College teacher keen to play for Tonga

CLUB AND COUNTRY: Daniel Morath of West Harbour could go from club rugby to playing the All Blacks at the Rugby World Cup.
CLUB AND COUNTRY: Daniel Morath of West Harbour could go from club rugby to playing the All Blacks at the Rugby World Cup.

Teacher Daniel Morath could be playing against the All Blacks at this year's Rugby World Cup.

The 29-year-old Liston College PE teacher is part of Tonga's 50-man squad selected to compete in the prestigious Churchill Cup tournament in England next month.

He was picked along with his younger brother Kurt, a first-five player in Australia.

Mr Morath plays halfback for Waitemata RFC. He's quietly confident about his chances of making the final 30-man world cup squad and already has three international caps to his name.

But first he will have to perform in the Churchill Cup against sides including Canada, Italy A and the United States.

"If I play well in that tournament then I think I will be sweet," he says. "I believe there are four of us in contention for my position and traditionally for the world cup they will take three halfbacks."

Tonga will face the All Blacks in the opening match of the Rugby World Cup at Eden Park on September 9.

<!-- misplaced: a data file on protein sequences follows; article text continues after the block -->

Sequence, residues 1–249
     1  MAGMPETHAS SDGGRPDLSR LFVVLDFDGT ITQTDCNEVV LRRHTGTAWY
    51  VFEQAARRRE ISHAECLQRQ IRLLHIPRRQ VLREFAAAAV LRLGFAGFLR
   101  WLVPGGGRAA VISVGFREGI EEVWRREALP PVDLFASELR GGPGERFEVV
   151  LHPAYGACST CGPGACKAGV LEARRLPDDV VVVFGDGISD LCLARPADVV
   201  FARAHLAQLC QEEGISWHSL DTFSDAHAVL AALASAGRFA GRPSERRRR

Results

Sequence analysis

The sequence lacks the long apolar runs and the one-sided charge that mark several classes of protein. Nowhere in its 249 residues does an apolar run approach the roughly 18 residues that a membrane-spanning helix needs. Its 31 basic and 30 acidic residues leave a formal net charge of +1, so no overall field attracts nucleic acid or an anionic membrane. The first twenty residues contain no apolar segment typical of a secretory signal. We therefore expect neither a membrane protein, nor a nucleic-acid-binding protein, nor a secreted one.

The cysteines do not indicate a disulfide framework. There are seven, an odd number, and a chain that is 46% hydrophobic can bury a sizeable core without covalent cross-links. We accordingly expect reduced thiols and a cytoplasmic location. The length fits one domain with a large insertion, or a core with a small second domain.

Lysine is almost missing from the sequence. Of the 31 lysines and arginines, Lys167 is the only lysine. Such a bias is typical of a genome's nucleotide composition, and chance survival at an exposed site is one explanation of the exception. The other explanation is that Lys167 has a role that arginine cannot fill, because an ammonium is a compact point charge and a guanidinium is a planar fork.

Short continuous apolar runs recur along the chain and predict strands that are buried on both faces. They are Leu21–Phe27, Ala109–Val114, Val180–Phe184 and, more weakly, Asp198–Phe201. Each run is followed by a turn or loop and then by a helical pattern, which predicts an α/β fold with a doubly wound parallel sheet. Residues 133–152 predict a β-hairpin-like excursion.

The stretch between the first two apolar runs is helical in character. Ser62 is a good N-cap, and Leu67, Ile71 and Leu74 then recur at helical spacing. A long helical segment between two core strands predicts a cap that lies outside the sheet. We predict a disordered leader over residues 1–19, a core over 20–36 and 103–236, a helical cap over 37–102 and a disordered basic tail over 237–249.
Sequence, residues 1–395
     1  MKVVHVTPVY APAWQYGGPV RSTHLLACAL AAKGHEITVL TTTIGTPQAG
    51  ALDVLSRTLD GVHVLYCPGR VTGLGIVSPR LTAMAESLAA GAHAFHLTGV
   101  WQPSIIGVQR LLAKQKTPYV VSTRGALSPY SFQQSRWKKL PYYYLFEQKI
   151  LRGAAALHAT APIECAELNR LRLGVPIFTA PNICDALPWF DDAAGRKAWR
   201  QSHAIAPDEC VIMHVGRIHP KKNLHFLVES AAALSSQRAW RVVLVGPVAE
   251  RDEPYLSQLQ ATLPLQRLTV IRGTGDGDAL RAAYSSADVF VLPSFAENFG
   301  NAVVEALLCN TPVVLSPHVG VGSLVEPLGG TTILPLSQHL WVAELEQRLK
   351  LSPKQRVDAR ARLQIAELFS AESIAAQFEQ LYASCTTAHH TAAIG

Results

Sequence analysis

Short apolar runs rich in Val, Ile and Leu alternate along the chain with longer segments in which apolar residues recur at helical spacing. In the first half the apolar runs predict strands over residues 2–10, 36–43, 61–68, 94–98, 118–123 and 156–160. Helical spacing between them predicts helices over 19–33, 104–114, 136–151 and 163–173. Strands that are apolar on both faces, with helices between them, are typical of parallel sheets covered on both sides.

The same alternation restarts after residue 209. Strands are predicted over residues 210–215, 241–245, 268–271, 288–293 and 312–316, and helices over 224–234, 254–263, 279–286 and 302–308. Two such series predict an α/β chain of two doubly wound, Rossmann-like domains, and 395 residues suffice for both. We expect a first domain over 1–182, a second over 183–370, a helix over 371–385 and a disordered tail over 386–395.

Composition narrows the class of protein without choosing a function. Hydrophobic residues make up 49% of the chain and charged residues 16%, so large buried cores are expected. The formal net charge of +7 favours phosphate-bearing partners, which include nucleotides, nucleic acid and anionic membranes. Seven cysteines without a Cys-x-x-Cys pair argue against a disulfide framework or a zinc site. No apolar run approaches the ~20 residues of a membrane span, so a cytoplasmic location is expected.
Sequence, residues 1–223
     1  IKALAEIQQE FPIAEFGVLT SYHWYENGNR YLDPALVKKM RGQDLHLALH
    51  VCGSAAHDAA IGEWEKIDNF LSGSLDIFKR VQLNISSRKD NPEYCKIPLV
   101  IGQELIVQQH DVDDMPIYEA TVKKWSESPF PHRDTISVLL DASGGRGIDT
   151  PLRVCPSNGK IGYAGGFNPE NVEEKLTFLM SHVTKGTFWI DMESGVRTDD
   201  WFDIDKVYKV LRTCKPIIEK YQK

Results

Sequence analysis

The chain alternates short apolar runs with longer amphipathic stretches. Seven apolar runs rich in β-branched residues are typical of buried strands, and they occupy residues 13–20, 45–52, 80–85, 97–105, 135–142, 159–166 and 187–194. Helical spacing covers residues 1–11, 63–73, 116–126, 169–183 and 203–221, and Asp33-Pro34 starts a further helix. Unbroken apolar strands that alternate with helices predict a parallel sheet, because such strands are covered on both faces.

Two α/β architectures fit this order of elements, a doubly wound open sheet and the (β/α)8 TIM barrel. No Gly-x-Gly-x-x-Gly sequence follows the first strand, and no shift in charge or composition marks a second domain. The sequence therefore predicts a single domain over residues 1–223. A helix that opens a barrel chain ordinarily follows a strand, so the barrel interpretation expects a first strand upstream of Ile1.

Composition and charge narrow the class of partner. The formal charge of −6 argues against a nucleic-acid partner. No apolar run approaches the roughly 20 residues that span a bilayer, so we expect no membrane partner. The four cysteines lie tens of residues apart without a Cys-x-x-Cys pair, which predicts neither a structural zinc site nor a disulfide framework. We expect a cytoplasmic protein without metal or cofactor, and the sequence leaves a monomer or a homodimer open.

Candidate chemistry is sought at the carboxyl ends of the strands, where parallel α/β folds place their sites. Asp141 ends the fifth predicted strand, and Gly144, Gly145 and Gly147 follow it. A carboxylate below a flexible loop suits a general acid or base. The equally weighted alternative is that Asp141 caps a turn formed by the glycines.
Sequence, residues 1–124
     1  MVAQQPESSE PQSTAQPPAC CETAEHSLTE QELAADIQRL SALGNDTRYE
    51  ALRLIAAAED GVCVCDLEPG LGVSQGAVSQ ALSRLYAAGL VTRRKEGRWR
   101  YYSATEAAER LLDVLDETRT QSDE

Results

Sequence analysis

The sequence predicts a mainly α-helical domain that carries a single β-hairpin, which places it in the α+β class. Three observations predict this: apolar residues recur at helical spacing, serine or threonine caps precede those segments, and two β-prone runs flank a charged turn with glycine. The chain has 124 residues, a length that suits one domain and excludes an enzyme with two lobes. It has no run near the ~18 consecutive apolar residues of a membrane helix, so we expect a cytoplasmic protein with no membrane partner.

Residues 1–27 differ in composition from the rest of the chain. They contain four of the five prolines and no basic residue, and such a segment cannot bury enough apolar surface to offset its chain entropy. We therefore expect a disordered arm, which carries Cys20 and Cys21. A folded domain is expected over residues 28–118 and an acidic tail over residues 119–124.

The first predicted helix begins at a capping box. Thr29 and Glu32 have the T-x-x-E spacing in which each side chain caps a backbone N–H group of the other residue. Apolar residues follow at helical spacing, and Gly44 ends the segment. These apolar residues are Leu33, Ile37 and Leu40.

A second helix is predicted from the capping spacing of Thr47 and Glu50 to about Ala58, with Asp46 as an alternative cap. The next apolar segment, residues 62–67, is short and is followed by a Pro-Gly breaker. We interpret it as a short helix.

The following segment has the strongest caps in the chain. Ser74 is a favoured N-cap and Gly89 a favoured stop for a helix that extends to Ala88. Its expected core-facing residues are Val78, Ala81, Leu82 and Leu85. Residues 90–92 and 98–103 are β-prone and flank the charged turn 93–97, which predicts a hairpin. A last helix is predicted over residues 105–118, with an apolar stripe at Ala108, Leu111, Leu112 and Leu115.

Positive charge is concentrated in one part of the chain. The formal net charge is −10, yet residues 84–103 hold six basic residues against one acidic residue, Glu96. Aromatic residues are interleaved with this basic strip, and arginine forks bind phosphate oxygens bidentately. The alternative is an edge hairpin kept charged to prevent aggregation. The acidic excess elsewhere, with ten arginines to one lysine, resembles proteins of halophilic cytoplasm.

Mr Morath says the Tongan national side could be one of the dark horses at the world cup.

"They are considered laid-back but when they get that jersey on it's a different story," he says.

"And physically there is no one better."

Mr Morath was born and raised in New Zealand but can play for Tonga because his mother is from Vava'u.

He says his decision to put on Tonga's red jersey is mainly because of the current head coach, former All Black Isitolo Maka.

"Isitolo went out and began looking for all players with Tongan heritage so I got in touch with the coaches and the rest is history."

The West Harbour resident says playing with his brother for Tonga against Samoa last year was memorable.

"`It was a good feeling and of course mum was the proudest."

Mr Morath admits he has thought about what it would be like to face the All Blacks haka in the first match. But he isn't getting too far ahead of himself.

"You grow up watching the All Blacks so I have thought about that a bit.

"I'm not really nervous right now but if I'm playing it would probably kick in during the week of the game."

Playing for Tonga also means learning some of the language and their equivalent of the haka, Sipi Tau.

"I've got the actions down pat.

"My Tongan words are pretty good now since all the play calls are in Tongan."

He says his students are impressed their teacher has been picked to play for Tonga and are closely following his world cup preparation.

Western Leader